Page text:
## What is “tidy” data?

What is meant by the term “tidy” data, as opposed to “messy” data?  In my last post I listed five of the most common problems encountered with messy datasets.  Logically, “tidy” data must not have any of these problems.  So just what does tidy data look like?

Let’s take a look at an example of tidy data.  Below are the first 20 lines from R’s built-in “airquality” dataset:

According to R programmer and professor of statistics Hadley Wickham, tidy data can be defined as the following:

1)  Each variable forms a column

2) Each observation forms a row

3) Each type of observational unit forms a table

That’s it.  “Airquality” is tidy because each row corresponds to one month/day combination and the four measured weather variables (ozone, solar, wind, and temp) on that day.

Let’s see an example of a messy weather dataset for a counterexample (data examples are from this paper by H. Wickham):

There are multiple “messy” data problems with this table.  First, identifying variables like day of the month are stored in column headers (“d1”, “d2”, etc…), not in rows.  Second, there are a lot of missing values, complicating analysis and making it harder to read the table.  Third, the column “element” consists of variable names (“tmin” and “tmax”) violating rule 1 of tidy data.

How to use R tools to transform this table into tidy form is beyond the scope of this post, so I will just show the tidy version of this dataset in Figure 3.

Each column now forms a unique variable.  The date information has been condensed into a more compact form and each row contains the measurements for only one day.  The two variables in the “element” column are now forming their own columns, “tmax” and “tmin.”  With the data in this form it is far easier to prepare plots, aggregate the data, and perform statistical analysis.

## Five Common Problems with Messy Data

Real world datasets are often quite messy and not well-organized for available data analysis tools.  The data scientist’s job often begins with whipping these messy datasets into shape for analysis.

Listed below are five of the most common problems with messy datasets, according to an excellent paper on “tidy data” by Hadley Wickham:

1) Column headers are variables, not variable names

Tabular data falls into this type, where columns are variables themselves.  For example,  a table with median income by percentile in columns and US states in rows.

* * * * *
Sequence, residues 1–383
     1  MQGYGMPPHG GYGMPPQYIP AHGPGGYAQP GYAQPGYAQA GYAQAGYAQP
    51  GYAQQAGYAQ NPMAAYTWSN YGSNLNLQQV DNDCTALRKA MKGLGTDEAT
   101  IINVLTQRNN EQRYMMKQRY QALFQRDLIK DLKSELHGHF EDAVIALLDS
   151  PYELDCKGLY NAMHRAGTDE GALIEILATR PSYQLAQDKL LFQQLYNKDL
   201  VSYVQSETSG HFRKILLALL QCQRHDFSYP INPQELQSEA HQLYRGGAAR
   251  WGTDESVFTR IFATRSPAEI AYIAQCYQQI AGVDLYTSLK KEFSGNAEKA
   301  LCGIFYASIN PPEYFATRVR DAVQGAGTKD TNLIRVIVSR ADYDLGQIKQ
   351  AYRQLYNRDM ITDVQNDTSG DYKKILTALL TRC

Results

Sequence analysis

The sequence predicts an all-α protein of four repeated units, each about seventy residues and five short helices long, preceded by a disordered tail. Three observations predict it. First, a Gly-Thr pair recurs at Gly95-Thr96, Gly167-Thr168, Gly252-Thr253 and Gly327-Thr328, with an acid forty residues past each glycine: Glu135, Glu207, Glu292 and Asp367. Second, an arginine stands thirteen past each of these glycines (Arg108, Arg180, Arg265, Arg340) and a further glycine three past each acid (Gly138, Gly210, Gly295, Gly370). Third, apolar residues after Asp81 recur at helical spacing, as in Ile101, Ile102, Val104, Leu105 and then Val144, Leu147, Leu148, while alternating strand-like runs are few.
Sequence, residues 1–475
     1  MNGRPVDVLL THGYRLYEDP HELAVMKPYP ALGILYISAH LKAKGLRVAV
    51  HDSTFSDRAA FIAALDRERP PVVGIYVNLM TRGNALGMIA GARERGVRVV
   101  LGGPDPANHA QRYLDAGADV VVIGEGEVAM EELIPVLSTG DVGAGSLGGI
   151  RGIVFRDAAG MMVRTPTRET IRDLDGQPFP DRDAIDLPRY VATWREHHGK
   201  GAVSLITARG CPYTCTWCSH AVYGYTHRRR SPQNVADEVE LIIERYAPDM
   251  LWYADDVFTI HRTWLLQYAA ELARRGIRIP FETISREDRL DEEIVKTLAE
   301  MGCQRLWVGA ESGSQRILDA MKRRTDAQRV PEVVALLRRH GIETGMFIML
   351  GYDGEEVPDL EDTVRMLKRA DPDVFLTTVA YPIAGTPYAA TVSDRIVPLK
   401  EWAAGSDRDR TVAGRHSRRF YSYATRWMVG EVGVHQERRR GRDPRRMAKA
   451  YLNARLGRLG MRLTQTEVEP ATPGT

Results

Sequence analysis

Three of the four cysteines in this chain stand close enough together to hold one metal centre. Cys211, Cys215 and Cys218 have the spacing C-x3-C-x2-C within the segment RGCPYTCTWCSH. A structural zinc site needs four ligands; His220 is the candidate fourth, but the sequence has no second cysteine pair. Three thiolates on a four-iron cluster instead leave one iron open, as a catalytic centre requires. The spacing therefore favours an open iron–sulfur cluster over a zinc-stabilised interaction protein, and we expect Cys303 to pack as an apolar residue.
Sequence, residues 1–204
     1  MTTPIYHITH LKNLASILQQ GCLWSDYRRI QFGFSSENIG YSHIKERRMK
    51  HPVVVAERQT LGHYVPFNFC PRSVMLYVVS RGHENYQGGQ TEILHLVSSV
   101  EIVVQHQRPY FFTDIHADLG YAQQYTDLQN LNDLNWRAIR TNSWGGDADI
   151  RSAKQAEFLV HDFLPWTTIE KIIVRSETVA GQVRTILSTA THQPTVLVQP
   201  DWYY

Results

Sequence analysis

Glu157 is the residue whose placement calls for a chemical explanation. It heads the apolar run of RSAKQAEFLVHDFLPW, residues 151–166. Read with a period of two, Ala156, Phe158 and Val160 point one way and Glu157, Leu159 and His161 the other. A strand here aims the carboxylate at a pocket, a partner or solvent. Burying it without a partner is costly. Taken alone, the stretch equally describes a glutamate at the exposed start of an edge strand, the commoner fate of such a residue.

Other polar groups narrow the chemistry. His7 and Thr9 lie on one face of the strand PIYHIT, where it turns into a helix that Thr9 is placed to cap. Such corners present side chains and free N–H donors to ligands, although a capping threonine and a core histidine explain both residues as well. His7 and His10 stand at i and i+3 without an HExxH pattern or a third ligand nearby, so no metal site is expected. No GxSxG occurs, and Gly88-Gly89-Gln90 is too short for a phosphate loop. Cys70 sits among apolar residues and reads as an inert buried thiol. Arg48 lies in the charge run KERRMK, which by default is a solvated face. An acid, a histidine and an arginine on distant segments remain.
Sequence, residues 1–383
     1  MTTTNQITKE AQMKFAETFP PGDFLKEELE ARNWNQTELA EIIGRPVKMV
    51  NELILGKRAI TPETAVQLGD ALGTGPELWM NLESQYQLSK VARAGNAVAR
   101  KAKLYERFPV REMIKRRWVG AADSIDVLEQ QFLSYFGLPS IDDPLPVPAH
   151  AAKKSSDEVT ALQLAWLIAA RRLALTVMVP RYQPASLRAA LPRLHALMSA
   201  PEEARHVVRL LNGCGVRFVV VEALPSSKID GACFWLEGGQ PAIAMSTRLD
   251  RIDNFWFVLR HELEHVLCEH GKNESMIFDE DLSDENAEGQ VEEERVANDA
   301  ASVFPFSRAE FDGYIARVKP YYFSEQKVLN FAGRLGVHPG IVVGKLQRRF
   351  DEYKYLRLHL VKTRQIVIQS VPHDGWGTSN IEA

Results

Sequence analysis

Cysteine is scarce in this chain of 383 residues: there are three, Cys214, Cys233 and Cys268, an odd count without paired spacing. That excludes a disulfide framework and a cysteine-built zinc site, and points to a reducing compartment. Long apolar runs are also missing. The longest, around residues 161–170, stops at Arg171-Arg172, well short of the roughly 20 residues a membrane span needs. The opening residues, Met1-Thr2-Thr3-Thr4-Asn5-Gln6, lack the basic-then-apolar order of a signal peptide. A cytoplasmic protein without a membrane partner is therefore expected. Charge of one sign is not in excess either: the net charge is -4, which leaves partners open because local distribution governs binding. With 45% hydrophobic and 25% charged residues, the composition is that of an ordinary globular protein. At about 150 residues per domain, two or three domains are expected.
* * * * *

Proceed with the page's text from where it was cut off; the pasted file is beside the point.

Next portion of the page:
2) Multiple variables are stored in one column

An example here would be storing data in columns that combine two variables, like gender and age range.  Better to make two separate columns for gender and age range.

3) Variables are stored in both rows and columns

The most complex form of messy data.   For example, a dataset in which measurements from a weather station are stored according to date and time, with the various measurment types (temp, pressure, etc…) in a column called “measurements”.

4) Multiple types of observational units are stored in the same table

A dataset that combines multiple unrelated observations or facts into one table.   For example, a clinical trial dataset that includes both treatment outcomes and diet choices into one large table by patient and date.

5) A single observational unit stored in multiple tables

Measurements recorded in different tables split up by person, location, or time.  For example, a separate table of an individual’s medical history for each year of their life.

## Using R to automate ROC analysis

ROC analysis is used in many types of research.  I use it to examine the ability of molecular docking to enrich a list of poses for experimental hits.  This is a pretty standard way to compare the effectiveness of docking methodologies and make adjustments in computational parameters.

Normally this kind of plot would take at least an hour to make by hand in Excel, so I wrote a function in R that generates a publication-quality ROC plot on the fly.  This is handy if you want to play around with the hit threshold of the data (i.e., the binding affinity) or experiment with different scoring functions.

According to wikipedia:

a receiver operating characteristic (ROC), or simply ROC curve, is a graphical plot which illustrates the performance of a binary classifier system as its discrimination threshold is varied. It is created by plotting the fraction of true positives out of the total actual positives (TPR = true positive rate) vs. the fraction of false positives out of the total actual negatives (FPR = false positive rate), at various threshold settings.

There are already several ROC plot calculators on the web.  But I wanted to write my own using the R statistical language owing to its ability to produce very high-quality, clean graphics.  You can find the code here:

https://github.com/mchimenti/data-science-coursera/blob/master/roc_plot_gen.R

The function takes a simple 2 column input in csv format.   One column is “score,” the other is “hit” (1 or 0).   In the context of docking analysis, “score” is the docking score and hit is whether or not the molecule was an experimental binder.   The area-under-curve is calculated using the “trapz” function from the “pracma” (practical mathematics) package.

## Using R to create a dotplot with jittered x values

If you need to create a plot where you have a several groups of data that you want to distribute along the ‘y’ axis, but bin into one of several categories in x then you can do the following:

1) create a .csv file with your data in columns (you can use headers)

2) import the .csv file into R with: TEST <- read.table(“yourfile.csv”, sep=’,’, header=TRUE)

3) do the dotplot: dotplot(values ~ ind, data=stack(TEST), jitter.x=TRUE)

The important point here is the use of the “stack” function.  This converts vectors into factors; it also lets you create the type of dotplot where the data is plotted along ‘y’ while having the same ‘x’ value.